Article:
Defects in differentiation of bone-marrow derived dendritic cells of the BB rat are partly associated with IDDM2 (the lyp gene) and partly associated with other genes in the BB rat background
Journal of Autoimmunity , Volume 25 - Issue 1 p. 46- 56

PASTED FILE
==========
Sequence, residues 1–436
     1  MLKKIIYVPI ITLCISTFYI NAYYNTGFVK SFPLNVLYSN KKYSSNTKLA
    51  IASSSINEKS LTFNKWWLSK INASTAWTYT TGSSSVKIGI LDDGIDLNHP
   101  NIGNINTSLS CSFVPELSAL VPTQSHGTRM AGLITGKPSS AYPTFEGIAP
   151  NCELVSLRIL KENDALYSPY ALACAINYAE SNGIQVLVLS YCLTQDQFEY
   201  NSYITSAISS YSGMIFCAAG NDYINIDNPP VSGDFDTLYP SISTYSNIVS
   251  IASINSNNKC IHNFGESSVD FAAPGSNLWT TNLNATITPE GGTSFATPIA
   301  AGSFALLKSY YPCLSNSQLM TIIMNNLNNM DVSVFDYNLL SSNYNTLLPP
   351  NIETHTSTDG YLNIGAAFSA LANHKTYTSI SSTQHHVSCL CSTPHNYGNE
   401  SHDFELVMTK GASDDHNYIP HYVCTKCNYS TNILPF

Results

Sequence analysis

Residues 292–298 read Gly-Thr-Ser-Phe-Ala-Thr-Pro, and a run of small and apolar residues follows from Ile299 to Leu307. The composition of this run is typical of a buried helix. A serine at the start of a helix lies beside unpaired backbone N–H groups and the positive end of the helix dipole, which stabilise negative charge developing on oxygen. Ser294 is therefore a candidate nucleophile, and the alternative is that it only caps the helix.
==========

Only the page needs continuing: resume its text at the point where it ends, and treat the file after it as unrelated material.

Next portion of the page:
BB rats develop various organ-specific autoimmune diseases, e.g. autoimmune diabetes and thyroiditis and have proven important to dissect genetic factors that govern autoimmune disease development. The lymphopenia (lyp) gene (iddm2) is linked to autoimmune disease development and is a major genetic difference between diabetes-resistant (DR) and diabetes-prone (DP) BB rats. To study the effects of the lyp gene and other genes on dendritic cell (DC) differentiation from bone-marrow precursors, such differentiation was studied in BB-DP, BB-DR, Wistar and F344 control rats. DC of BB-DP rats showed a lower MHC class II expression as compared to BB-DR, Wistar and F344 rats. LPS-maturation did not restore this low MHC class II expression. DC of BB-DP rats also showed a poor capability to terminally differentiate into mature T cell stimulatory DC under the influence of LPS and produced significantly lower quantities of IL-10, yet these aberrancies were also found in BB-DR rats but did not occur in control rats. This study thus shows that various aberrancies exist in the differentiation of myeloid DC from bone-marrow precursors in the BB rat model of organ-specific autoimmunity. These aberrancies are multigenically determined and partly associated with iddm2 (lyp gene) and partly associated with other genes in the BB rat.